Also published on May 29, 2017 by BNP Media through the Building Enclosure Blog. . The value of continuous insulation is a source of contention among some building design and construction professionals. Increasingly stringent energy code requirements are calling for minimal amounts of continuous insulation that some claim are prohibitively expensive, structurally complicated, or marginally impactful versus increased cavity insulation. Professionals are generally aware of the potential for thermal bridging in construction assemblies – the phenomenon by which heat conducts….

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BECx is Coming to a Project Near You

Green Building

BECx is Coming to a Project Near You

Originally published on January 11, 2017 by BNP Media through the Building Enclosure Blog. . In recent years, a growing demand for high-performance building envelope solutions has been evidenced by the increased attention paid to this topic throughout the building design and construction industry. Building Envelope Council (BEC) initiative Seeing this emerging priority, in 2004 the National Institute of Building Sciences (NIBS) Building Enclosure Technology and Environmental Council (BETEC) and the American Institute of Architects (AIA) signed an agreement to….

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Is a Vapor Retarder Necessary in a Low-Slope Roof Assembly?

Green Building

Is a Vapor Retarder Necessary in a Low-Slope Roof Assembly?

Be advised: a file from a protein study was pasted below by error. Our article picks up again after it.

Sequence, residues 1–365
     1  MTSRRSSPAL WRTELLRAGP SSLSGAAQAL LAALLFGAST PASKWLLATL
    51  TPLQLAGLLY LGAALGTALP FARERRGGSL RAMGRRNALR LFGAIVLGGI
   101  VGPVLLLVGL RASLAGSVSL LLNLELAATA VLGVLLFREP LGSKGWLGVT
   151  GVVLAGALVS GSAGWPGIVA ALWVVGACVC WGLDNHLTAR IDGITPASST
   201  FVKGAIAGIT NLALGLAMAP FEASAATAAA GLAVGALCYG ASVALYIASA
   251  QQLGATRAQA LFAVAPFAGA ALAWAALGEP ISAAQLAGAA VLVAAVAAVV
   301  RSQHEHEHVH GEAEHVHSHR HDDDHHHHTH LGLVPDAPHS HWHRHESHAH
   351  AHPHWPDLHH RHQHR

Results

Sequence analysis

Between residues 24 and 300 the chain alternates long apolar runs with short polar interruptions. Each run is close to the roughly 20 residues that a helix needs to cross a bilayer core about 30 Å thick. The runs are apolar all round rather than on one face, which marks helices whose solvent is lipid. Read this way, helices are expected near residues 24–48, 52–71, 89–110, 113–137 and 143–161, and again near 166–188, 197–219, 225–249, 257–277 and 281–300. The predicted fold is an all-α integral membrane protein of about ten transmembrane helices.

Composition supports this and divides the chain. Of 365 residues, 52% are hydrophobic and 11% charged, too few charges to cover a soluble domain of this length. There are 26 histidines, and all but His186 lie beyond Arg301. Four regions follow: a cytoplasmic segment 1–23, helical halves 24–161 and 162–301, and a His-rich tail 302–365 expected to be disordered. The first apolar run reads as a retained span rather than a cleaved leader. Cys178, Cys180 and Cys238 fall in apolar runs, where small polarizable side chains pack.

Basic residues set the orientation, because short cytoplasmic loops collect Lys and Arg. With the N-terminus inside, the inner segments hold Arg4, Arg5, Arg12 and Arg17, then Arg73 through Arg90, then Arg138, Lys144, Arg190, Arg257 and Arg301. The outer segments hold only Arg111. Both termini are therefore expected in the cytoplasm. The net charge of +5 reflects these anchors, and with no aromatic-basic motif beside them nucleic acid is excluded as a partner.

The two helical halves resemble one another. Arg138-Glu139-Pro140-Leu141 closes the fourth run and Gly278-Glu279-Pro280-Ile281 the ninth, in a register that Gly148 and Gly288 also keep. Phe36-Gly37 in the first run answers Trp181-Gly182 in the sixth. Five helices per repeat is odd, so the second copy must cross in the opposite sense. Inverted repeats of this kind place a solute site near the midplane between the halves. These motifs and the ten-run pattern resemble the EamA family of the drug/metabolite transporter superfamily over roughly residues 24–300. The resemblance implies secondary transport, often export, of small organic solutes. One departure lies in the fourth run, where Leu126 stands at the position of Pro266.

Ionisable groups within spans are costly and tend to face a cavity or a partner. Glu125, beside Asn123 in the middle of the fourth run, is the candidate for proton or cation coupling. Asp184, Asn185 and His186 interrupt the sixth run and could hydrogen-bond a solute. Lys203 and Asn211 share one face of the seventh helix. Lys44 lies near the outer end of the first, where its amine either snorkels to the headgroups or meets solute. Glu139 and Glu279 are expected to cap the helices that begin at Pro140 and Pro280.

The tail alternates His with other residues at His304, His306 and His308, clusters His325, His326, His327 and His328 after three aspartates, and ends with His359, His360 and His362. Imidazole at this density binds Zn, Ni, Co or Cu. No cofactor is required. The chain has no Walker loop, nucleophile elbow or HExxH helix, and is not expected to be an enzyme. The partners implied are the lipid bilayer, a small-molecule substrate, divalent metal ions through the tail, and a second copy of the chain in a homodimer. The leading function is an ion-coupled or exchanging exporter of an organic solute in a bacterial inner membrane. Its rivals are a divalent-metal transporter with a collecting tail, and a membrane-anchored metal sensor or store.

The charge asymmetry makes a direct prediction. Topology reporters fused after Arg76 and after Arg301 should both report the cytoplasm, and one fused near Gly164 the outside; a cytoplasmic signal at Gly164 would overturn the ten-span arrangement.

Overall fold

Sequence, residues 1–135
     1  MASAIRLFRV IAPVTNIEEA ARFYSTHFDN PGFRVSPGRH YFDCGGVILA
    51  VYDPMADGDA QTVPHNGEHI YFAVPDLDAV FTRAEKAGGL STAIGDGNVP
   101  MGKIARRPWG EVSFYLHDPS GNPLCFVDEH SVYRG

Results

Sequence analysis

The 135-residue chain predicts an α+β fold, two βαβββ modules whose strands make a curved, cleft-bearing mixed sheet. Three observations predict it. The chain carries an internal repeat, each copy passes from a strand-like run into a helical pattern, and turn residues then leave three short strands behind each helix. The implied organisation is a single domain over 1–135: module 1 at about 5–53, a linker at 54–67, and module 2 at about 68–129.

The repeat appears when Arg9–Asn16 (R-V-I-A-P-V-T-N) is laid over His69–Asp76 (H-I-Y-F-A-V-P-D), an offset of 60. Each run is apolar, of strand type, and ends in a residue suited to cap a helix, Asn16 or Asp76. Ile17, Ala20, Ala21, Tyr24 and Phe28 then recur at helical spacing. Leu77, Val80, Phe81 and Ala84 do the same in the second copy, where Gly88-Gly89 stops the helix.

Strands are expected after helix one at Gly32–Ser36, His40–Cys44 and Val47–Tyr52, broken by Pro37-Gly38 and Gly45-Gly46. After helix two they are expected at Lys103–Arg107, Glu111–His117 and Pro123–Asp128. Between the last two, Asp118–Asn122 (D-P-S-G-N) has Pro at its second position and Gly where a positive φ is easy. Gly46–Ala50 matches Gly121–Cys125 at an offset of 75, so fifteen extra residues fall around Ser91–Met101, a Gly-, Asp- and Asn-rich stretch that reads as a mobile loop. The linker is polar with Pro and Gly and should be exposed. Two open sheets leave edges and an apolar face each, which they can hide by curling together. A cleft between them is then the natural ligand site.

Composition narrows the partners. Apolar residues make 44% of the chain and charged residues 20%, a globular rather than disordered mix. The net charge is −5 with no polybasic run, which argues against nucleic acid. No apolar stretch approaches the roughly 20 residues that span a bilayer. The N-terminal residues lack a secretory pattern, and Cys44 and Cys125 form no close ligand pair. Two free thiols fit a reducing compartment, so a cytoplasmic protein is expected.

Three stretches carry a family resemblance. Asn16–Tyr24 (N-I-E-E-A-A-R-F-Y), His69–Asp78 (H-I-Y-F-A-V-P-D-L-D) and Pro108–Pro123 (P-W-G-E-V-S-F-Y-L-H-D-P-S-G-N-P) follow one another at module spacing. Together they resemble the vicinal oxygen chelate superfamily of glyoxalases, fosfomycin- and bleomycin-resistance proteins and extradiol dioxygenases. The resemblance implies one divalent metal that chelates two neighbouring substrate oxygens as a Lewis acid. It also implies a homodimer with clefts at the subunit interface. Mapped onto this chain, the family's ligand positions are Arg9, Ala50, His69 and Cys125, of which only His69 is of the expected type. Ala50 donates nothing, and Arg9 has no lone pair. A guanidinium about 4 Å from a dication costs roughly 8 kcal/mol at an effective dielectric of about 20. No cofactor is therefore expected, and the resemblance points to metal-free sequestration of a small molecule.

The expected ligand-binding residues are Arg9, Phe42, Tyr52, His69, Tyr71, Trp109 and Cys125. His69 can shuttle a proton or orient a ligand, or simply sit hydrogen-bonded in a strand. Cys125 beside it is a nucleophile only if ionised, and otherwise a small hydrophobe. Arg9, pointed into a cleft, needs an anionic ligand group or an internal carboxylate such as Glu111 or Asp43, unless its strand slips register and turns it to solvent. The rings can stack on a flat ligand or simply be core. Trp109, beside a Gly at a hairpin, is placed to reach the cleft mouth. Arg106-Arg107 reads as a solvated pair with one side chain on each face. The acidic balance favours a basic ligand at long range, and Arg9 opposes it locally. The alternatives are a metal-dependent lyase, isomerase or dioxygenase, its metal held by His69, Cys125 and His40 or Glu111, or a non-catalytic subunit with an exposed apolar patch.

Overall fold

Originally published on October 7, 2016 by BNP Media through the Building Enclosure Blog. . If you have designed or built a low-slope roof with a single-ply membrane, at some point you will be confronted with this simple question: Is the vapor retarder necessary? With considerable costs at stake, the prospect of omitting a vapor retarder is always a precarious notion and one that merits careful consideration of the project-specific dynamics at play. Consider the Entire Assembly In order to….

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The Difference Between Permeance and Permeability

Green Building

The Difference Between Permeance and Permeability

Originally published on April 18, 2016 by BNP Media through the Architectural Roofing & Waterproofing Blog. All information presented in imperial (I-P) units. Water vapor transmission is a rather confusing issue. The difference in vapor pressure between two sides of a building envelope assembly is the driving force behind vapor transmission. (Although by comparison, gaps in the envelope account for vastly greater amounts moisture migration due to vapor-laden air infiltration.) Vapor = Latent Heat; Air Temperature = Sensible Heat The….

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Defining Mass Walls through Heat Capacity

Green Building

Defining Mass Walls through Heat Capacity

Originally published on February 12, 2015 by BNP Media through the Architectural Roofing & Waterproofing Blog. There are significant differences in the prescriptive requirements of mass walls versus other above-grade walls. Using ASHRAE 90.1-2007 as example, above-grade walls for a steel-framed nonresidential building in Climate Zone 5 will need a minimum of R-13 insulation AND a continuous insulation layer of at least R-7.5. However, the building’s mass wall assemblies would only be required to exhibit a continuous layer of R-11.4….